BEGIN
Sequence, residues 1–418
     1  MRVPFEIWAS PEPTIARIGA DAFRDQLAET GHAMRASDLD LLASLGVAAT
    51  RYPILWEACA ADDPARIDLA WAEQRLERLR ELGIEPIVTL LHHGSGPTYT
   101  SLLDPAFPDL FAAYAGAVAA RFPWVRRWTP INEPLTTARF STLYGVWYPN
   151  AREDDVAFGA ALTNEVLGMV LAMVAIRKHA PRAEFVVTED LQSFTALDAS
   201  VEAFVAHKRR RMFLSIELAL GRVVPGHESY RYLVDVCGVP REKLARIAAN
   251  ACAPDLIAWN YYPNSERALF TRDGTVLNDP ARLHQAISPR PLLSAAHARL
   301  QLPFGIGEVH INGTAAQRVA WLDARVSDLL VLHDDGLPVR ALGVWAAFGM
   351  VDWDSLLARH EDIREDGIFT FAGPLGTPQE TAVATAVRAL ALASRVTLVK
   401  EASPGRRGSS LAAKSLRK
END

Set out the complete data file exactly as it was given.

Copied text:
Sequence, residues 1–418
     1  MRVPFEIWAS PEPTIARIGA DAFRDQLAET GHAMRASDLD LLASLGVAAT
    51  RYPILWEACA ADDPARIDLA WAEQRLERLR ELGIEPIVTL LHHGSGPTYT
   101  SLLDPAFPDL FAAYAGAVAA RFPWVRRWTP INEPLTTARF STLYGVWYPN
   151  AREDDVAFGA ALTNEVLGMV LAMVAIRKHA PRAEFVVTED LQSFTALDAS
   201  VEAFVAHKRR RMFLSIELAL GRVVPGHESY RYLVDVCGVP REKLARIAAN
   251  ACAPDLIAWN YYPNSERALF TRDGTVLNDP ARLHQAISPR PLLSAAHARL
   301  QLPFGIGEVH INGTAAQRVA WLDARVSDLL VLHDDGLPVR ALGVWAAFGM
   351  VDWDSLLARH EDIREDGIFT FAGPLGTPQE TAVATAVRAL ALASRVTLVK
   401  EASPGRRGSS LAAKSLRK